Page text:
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California Republican Assembly’s first African-American pres. shares plans to recruit more blacks

Only four percent of California’s African American voters are registered as Republicans, according to the Public Policy Institute of California. The majority, about seventy seven percent, are members of the Democratic Party.

Johnnie Morgan, 68, the newly elected president of the California Republican Assembly (CRA), wants to change those numbers. So he’s pushing a message to attract African-American Democrats and Independents to his party by highlighting ways the party’s platform aligns with who they are and the things they care about.

“African Americans place a high value on family as does the Republican Party,” said Morgan, who was sworn into his new position on June 19 during the CRA’s statewide convention in Sacramento.

Morgan, who ran for the position unopposed with the full support of his organization, will serve a three-year term.

“African Americans have a history of being inventors and businesspeople involved in entrepreneurial enterprises,” he said. “The Republican Party has a focus on free enterprise and economic development.”

The CRA is a conservative activist group that helps Republican candidates it endorses get elected, supporting them with money, volunteers and other resources. Officially chartered by the California Republican Party, the CRA was formed in the 1933 and was praised by Ronald Reagan as the “the conscience of the Republican Party,” according to the CRA official website.

The group, which is the largest and oldest independent Republican organization in the state, played a key role in helping Reagan win California’s gubernatorial race in 1966.

According to Morgan, the CRA implements community engagement programs and voter registration conventions to help expand the membership of the Republican Party and support the party’s goals.

Morgan becomes the head of the CRA at a time when the California COP is making a deliberate effort to attract more members in a state that is heavily Democrat. About 43 percent of California’s voters are registered Democrats. Only 28 percent are Republican. Democrats hold supermajorities in both houses of the state legislature. In the senate, Democrats outnumber Republicans 29 to 11. And in the Assembly, the ratio is 61 to 18.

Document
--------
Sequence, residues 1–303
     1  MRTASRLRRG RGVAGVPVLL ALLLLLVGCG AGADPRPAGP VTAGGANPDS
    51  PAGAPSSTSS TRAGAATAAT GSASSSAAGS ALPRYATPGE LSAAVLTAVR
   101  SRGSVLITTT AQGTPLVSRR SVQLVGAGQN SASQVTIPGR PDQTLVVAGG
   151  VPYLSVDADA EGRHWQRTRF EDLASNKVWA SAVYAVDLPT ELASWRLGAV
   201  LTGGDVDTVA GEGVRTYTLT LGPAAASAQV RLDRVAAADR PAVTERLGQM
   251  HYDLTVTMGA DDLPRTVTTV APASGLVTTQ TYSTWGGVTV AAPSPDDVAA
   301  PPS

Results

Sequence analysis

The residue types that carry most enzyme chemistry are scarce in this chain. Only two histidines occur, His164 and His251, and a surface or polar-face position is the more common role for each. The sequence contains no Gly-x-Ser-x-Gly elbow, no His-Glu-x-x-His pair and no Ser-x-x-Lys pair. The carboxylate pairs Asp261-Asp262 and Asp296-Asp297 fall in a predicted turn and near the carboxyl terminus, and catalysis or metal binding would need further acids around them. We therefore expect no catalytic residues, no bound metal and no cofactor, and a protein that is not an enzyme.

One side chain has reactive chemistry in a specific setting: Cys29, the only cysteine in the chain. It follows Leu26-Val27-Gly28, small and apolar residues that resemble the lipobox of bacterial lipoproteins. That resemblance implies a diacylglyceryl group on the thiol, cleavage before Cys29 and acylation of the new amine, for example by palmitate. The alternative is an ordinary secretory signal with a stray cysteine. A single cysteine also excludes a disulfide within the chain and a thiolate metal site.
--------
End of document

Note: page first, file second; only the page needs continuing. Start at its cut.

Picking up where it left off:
In national elections, California has not voted for a Republican president since George H.W. Bush in 1987.

In February this year, the California Republican Party elected Jessica Patterson as its first Latina and female president with 54.6 percent of the vote.

“Today we are starting the next chapter of our party history,” Patterson said in her acceptance speech. “We’re going to be about one thing: winning. We’re going to take the fight to Democrats. We’re going to fight them in the precincts and we’re going to beat them in elections.”

At the same convention, Republican delegates from around the state elected Peter Kuo, an immigrant from Taiwan to be its vice chairman and a gay man, Greg Gangrud, as its treasurer.

Morgan has been an active member of the Republican Party for 35 years, four of which he spent as National Committeeman for the CRA. He has also served as a California delegate to the last eight Republican National conventions.

“I am excited by the opportunity to lead this superb organization, to bring good conservative government to California and grow our membership,” he said.

Morgan says he intends to showcase a more inclusive organization to offset the common perception that conservative ideals run counter to the needs of African-American communities in California.

“I plan to expand membership, increase the diversity of membership, and become more integral to the party in a more physical and active capacity,” he said.

The low number of Black Californians who join or support the Republican Party in California, Morgan says, results from a fundamental miscommunication between the state GOP and the African-American community. He believes that getting the word out about how his party’s policies align with the interests and principles of African Americans will be a game changer.

He cites religion, for example, as one way to find common ground.

“Both the Republican Party and the traditional African-American family value the church and its role in the community as it relates to freedom of religion,” Morgan said. “We need to let them know that we are a place for [African Americans] to come to for support of our communities.”

A Los Angeles native and Pepperdine University graduate, Morgan has deep roots in both California and his party. He serves as the National Association of Republican Assemblies Western Region Vice President and is also a delegate to the California Republican Party.

“I absolutely feel that [the CRA] has my back now just as they have had my back throughout much of my career,” Morgan said.“Not only do I want to expand our diversity but also better engage at the national level, state level and local level.”

Morgan hopes his presidency can operate as an inspiration and example for Black voters in California as well.

“I encourage more African Americans to take a hard look at the Republican Party,” Morgan said. “My presence should indicate that there is opportunity in the party for inclusion and leadership.”

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